Sunday Best – May 26, 2024


When a measure becomes a target,

it ceases to be a good measure.  

     – Goodhart’s Law (paraphrased by Marilyn Strathern)


I’ve been thinking a lot lately about the difference between measures and metrics. 

A measure is a clue; a metric is a fact. A measure is an arrow; a metric is a point. A measure is a puzzle piece; a metric is all straight edges. A measure is in motion; a metric is a freeze frame. Both can be helpful, but they serve different purposes.

Friends, here we are, on the verge of a new season. The garden is mulched. The eagle is circling overhead. The marshmallows are procured. 

What will be the measures of a splendid summer? Legs sore from hiking. Blueberries filling jam jars.  Corn husks topping off the compost pile. Books piled by the reading nook. Sunsets blurring into starlight.

We could chart each mile and berry and page.

We could keep a checklist of done’s and more’s. 

Or we could savor each birdsong, each bonfire, each bloom.

No counting – or accounting – required.





Sunday Best – May 19, 2024


Last month, I went out to check on my bees. As I approached the yard, an ominous silence greeted me. Where just a week before there had been lively signs of stirring in the early season sunshine, we’d since had a bitter cold reversion, with lots of wind and rain. Sure enough, the bees had not made it through. A silent beehive is one of the saddest sights around.

Gosh, we were so close to spring!


If only.


What if.

Friends, sometimes things don’t go so well.

Sometimes it’s far worse than a springtime cold snap.

We might have to be sad for a while.

Or mad. Or quiet. Or loud.

We might have to retreat and recoup.

It could be a moment.

It could be a very long while indeed.

Then if we are lucky,

if we are ready,

we might have the chance to try again.

Sunday Best – May 12, 2024


The Waking, Theodore Roethke

I wake to sleep, and take my waking slow.
I feel my fate in what I cannot fear.
I learn by going where I have to go.

We think by feeling. What is there to know?
I hear my being dance from ear to ear.
I wake to sleep, and take my waking slow.

Of those so close behind me, which are you?
God bless the Ground! I shall walk softly there,
And learn by going where I have to go.

Light takes the Tree; but who can tell us how?
The lonely worm climbs up a winding stair;
I wake to sleep, and take my waking slow.

Great Nature has another thing to do
To you and me; so take the lively air;
And, lovely, learn by going where to go.

This shaking keeps me steady. I should know.
What falls away is always. And is near.
I wake to sleep, and take my waking slow.
I learn by going where I have to go.


On this day especially, one possible waking is to reflect on all who have nurtured us. Mother’s Day is complicated and painful for many, and at the same time we have all been mothered – by family and friends and teachers and communities and forests and lakes and pets and books and songs and selves. I am one of the very lucky ones who has been supported by all of the above – and most of all, luckiest of all, by my own dear mom, with the most steadfast love I will ever know. If you have ever cared for a person or place or idea with even a tiny fraction of this kind of devotion, thank you. You have made our world a better place.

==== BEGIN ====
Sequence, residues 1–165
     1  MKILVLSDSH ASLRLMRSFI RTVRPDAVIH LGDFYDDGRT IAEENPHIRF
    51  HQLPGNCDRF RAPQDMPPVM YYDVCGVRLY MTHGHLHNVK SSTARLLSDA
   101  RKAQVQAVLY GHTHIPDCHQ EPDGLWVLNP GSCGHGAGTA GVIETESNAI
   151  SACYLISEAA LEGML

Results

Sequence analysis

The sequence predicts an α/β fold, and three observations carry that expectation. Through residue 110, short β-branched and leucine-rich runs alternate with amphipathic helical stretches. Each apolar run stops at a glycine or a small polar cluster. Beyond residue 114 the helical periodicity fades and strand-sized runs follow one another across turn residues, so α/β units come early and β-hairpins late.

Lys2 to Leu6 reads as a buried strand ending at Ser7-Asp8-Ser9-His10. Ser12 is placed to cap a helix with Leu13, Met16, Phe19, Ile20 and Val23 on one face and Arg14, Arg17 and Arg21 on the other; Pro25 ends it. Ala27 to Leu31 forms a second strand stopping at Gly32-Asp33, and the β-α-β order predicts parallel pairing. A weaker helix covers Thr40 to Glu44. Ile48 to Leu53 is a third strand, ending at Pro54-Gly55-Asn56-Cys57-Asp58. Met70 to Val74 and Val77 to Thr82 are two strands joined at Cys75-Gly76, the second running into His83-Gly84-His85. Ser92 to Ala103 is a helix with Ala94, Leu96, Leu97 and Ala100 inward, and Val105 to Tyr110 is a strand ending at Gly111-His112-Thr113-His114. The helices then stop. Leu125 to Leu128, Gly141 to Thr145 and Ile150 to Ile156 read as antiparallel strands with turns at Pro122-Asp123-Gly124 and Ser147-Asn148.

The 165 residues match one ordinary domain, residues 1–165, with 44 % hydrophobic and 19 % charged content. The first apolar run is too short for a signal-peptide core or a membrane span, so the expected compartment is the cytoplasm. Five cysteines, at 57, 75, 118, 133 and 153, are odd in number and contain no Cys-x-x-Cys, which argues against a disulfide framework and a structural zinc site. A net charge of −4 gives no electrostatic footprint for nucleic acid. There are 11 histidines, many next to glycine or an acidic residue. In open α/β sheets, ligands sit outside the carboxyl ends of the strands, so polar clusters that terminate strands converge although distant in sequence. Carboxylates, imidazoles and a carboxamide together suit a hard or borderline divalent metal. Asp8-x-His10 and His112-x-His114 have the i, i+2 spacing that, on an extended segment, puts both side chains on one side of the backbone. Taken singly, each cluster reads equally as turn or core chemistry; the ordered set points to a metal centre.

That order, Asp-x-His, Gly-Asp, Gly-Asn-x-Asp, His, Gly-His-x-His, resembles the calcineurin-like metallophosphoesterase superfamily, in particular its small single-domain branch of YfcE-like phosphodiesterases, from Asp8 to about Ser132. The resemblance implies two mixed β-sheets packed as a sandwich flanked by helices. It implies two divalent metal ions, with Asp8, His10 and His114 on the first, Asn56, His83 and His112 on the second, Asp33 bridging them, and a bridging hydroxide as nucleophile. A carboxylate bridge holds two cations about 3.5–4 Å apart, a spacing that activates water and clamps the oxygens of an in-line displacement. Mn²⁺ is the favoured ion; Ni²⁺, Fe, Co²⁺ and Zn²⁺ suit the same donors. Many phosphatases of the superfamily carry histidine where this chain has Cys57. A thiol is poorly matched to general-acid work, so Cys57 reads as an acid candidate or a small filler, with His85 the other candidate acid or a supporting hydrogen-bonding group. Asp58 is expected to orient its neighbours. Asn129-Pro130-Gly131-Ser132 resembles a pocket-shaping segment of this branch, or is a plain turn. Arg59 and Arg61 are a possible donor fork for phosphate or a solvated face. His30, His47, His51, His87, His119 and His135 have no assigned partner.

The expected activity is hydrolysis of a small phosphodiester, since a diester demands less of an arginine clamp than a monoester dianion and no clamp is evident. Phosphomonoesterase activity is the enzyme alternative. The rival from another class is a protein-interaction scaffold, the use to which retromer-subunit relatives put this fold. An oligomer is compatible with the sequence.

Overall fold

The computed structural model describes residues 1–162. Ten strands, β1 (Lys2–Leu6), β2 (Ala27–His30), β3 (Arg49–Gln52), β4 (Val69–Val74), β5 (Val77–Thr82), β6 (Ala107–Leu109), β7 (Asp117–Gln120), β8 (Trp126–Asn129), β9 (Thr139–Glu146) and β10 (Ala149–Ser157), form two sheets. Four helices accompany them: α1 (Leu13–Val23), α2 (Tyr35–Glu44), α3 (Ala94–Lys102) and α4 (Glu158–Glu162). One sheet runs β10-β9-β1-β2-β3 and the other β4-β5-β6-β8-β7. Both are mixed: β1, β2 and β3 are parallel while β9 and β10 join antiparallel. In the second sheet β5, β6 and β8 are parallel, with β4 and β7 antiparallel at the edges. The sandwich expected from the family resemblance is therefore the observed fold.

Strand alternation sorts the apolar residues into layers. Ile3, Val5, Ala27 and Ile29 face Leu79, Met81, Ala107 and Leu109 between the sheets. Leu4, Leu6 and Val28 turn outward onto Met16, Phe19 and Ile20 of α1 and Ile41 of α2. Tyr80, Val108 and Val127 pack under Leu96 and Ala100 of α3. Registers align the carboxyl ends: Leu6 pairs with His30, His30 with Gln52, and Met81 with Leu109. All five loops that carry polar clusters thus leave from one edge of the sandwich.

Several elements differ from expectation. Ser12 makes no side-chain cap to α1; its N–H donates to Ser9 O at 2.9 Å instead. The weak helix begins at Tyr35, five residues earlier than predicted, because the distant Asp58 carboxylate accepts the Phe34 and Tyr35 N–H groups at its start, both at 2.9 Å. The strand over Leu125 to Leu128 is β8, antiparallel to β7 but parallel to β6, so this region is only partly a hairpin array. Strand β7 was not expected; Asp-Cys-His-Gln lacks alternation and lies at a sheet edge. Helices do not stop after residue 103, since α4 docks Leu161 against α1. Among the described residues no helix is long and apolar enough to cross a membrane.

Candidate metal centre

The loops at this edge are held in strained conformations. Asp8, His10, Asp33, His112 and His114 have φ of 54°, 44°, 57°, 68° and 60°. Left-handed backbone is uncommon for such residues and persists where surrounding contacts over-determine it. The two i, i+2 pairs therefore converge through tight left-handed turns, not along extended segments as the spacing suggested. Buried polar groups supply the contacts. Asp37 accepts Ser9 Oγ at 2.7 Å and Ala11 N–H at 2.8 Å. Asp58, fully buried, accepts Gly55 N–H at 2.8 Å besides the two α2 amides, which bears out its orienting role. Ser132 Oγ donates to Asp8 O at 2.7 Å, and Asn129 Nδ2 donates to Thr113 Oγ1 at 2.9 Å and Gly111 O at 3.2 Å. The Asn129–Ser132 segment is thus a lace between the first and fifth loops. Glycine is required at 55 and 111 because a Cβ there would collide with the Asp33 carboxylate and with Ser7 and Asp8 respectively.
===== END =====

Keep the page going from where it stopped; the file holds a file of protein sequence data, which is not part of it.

Sunday Best – May 5, 2025

Boy oh boy, I was looking forward to a good night’s sleep the other day…. but this ginormous turkey had other ideas. As the sunrise gobbles beneath my window persisted – insisted – I finally looked out and beheld this glorious sight.

Who can resist a puffed-up bird looking just like the cartoons we had to draw in first grade? The lady turkeys were totally unimpressed and just kept eating bugs from the lawn, but I was mesmerized. 

Friends, at the end of a long hard week, I wish you rest.

But if rest is elusive,

I wish you an enthusiastic turkey,

greeting the dawn with style.



Sunday Best – April 28, 2024

“Yes we have a soul but it’s made of lots of tiny robots.”


I’ve been reading a lot of the provocative and illuminating work of Dan Dennett lately, and in continuing the comment above, he expanded –  

…I thought that’s exactly right. Yes we have a soul, but it’s mechanical. But it’s still a soul, it still does the work that the soul was supposed to do. It is the seat of reason. It is the seat of moral responsibility. It’s why we are appropriate objects of punishment when we do evil things, why we deserve the praise when we do good things. It’s just not a mysterious lump of wonder stuff that will outlive us.

It’s the sign of a great philosopher that their work can push us to refine our own conviction, to be clearer and crisper in our own thinking. For example, I do not agree that my soul is made up of tiny robots, but I DO believe that the soul is the seat of moral responsibility.

Hmmm. This is a different – and better – set of ideas to consider than I had before.

Dear ones, if an idea is worthy of our disagreement, it is worthy of our earnest exploration.

In a world of snarky sound bites and divisive declarations, let’s muster up our inner philosophers, to reflect and converse and refine, together. 


** Dan’s last major publication, the memoir I’ve Been Thinking, is a delightful tour of his extraordinary life and work. And one of many Dennett essays that helped to improve my own thinking in recent years is his Atlantic piece The Problem with Counterfeit People


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